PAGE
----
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11. Take some pictures

June 19, 2012

I have a lot of photos. I don’t even think I take that many, but there still seem to be hundreds on my computer, from holidays and birthdays and random photo-taking days. I would definitely be outdone by some of my friends, who take cameras everywhere, or just use their phones to permanently document their lives – and somehow, manage to come up with great-looking shots, unlike my amateur attempts.

What happens to these photos? For my part, most of them go up on Facebook and might be shown to family and friends. They get pored over and commented on (sometimes), and then after a week or two, that’s it. I might come back to my own photos to have a look, and perhaps in a few decades I’ll have an interesting record of my early adulthood, but I’m not really using my photos. Which is to say, if somebody else could use them, I wouldn’t mind.

That’s pretty handy, because there are others who can use my photos (not all of them, maybe, but some of them). I’ve recently found photofoundation, which is an image library that uses donated photographs from volunteers. This is useful for two reasons. Firstly, it means that member charities can use photos as they wish, which is no small thing when organisations are expected to update their media so regularly to show their activity. They might have some photos, but if they need stock photos for a blog or an advertising campaign, for example, then they have to fork out for the rights to pretty standard images. But if I’ve donated a photo of a turtle that I saw on holiday, and they need a photo of a turtle for their Save the Turtles update bulletin, then – well! – they can just use my photo.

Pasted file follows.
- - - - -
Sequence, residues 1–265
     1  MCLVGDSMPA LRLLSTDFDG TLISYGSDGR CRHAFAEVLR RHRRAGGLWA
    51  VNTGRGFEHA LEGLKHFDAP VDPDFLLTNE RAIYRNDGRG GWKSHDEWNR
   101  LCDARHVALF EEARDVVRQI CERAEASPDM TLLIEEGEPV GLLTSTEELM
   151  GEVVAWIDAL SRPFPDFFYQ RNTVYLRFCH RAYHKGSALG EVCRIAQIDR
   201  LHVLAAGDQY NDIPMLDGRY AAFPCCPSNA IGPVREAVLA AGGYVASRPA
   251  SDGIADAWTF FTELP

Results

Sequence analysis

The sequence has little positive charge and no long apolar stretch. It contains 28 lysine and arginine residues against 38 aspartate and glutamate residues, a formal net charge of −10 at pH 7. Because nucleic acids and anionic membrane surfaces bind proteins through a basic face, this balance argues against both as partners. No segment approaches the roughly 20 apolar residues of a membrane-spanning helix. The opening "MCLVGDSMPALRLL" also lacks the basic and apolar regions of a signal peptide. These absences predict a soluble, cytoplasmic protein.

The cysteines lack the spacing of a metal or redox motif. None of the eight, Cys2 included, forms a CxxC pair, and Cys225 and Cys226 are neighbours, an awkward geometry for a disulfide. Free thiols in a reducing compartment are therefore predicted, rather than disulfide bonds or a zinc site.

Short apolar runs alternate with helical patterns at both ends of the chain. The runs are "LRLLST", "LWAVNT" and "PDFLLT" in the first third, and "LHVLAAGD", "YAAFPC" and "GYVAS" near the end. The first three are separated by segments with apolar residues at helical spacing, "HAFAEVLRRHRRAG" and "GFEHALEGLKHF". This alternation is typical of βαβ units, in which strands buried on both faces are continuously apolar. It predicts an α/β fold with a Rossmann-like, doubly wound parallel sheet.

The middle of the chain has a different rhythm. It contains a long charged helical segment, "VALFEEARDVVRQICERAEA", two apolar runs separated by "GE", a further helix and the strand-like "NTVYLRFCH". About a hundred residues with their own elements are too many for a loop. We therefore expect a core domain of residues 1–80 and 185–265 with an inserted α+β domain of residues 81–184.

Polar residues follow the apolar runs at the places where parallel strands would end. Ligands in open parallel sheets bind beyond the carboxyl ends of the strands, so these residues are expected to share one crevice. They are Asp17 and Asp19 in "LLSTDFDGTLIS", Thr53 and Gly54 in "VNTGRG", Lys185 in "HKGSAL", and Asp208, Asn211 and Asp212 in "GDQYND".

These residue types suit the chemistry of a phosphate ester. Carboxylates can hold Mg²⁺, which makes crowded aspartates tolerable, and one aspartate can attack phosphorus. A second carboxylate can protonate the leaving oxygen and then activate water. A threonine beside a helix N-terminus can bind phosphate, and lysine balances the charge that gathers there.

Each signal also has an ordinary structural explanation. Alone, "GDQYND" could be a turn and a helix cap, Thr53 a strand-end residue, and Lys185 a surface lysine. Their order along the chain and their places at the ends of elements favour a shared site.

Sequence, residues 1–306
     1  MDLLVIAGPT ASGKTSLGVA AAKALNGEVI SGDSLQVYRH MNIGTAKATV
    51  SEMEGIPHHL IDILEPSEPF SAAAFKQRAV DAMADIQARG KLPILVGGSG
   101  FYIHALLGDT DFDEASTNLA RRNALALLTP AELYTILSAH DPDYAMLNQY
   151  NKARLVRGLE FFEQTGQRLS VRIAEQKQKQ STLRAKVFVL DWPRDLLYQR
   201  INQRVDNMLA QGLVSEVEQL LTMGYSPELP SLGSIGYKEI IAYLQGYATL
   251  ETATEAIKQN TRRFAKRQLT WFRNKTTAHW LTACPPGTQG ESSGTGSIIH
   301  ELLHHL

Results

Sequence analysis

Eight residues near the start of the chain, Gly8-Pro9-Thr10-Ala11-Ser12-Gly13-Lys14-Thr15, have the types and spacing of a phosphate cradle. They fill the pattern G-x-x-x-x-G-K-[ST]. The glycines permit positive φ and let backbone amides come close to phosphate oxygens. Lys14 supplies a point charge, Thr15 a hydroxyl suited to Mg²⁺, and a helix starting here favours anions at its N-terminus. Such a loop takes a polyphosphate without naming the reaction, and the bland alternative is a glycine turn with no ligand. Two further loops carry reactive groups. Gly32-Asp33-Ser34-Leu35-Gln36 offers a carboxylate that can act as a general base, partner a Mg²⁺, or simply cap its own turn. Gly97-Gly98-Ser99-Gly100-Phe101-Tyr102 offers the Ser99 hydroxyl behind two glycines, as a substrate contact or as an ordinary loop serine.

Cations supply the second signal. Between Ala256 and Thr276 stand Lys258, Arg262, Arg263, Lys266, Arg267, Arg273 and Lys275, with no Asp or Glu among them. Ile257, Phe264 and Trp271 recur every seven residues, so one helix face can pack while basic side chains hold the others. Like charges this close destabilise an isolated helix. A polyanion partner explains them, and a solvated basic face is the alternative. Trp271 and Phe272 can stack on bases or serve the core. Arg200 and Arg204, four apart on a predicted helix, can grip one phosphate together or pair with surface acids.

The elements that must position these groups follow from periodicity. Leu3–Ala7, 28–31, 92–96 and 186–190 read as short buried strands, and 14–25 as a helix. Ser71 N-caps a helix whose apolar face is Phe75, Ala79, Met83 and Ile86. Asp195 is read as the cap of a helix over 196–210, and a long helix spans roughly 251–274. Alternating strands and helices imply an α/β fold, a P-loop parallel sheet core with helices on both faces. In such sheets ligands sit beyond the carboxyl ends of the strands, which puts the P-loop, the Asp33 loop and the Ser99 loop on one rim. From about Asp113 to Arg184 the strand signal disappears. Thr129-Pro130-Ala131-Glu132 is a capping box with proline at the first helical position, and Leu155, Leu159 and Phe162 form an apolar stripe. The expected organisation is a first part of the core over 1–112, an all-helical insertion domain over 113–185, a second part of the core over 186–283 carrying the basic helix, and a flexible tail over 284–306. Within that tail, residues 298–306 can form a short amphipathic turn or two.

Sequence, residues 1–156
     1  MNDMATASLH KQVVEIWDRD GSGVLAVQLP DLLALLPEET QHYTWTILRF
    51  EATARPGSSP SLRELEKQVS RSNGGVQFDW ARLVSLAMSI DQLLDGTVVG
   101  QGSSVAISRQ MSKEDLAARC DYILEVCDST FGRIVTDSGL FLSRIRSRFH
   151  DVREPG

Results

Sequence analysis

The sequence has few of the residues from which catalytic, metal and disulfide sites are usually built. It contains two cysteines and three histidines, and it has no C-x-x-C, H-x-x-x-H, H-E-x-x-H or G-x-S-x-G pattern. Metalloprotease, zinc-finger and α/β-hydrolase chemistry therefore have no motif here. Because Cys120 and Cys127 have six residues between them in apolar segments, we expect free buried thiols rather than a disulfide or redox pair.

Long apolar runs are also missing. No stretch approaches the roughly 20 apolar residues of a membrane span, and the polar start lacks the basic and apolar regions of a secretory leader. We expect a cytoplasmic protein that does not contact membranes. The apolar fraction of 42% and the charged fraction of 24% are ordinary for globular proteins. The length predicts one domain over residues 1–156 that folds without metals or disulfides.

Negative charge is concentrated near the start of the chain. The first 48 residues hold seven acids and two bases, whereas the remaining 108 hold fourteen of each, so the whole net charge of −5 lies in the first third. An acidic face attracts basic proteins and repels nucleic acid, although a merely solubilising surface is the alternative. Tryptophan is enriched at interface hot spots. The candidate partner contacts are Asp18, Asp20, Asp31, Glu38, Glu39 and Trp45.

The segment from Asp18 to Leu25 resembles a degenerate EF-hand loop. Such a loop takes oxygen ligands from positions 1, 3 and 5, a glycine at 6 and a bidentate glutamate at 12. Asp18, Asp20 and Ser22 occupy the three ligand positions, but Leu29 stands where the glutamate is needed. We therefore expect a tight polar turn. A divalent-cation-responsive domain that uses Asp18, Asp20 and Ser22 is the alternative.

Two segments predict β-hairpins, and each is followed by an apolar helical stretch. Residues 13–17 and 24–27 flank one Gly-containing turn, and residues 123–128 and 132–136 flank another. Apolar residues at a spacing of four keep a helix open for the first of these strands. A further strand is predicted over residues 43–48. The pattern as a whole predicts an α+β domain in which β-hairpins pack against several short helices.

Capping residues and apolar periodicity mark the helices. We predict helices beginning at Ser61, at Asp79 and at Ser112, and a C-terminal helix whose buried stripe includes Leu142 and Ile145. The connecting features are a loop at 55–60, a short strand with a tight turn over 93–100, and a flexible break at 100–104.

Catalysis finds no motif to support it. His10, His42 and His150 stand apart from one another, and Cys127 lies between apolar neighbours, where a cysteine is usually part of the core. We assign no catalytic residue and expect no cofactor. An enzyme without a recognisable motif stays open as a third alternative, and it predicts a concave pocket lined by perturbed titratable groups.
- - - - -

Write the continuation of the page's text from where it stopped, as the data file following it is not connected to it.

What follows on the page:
However, it’s not only charities who can use these images. As you can imagine, with thousands of people donating snaps, it’s as good an image library as any. That means that if you or a company you work for or with needs images, you can use photofoundation as well. You have to pay, as with other image libraries, but then proceeds raised are donated to the member charities. That means that if you’re deciding where to source a picture of a flower or a funfair, you might as well head to photofoundation and make your money go further.

The member charities currently supported by photofoundation are:

RICC (Research into Childhood Cancer)
The Guide Dogs for the Blind Association

It’s also great that photofoundation has a clear set of guiding principles, which basically state that it is important that the images donated are only used with the full understanding, participation and permission of the subjects (or their guardians), and with respect for the dignity of anyone concerned. Also, you have to be a registered user to donate images of people in the first place.

I’ve registered and have started to donate photos. It costs me nothing, and it’s actually nice to feel that photos that are happy memories for me could have a life beyond my Facebook timeline. Why not see what you can donate?

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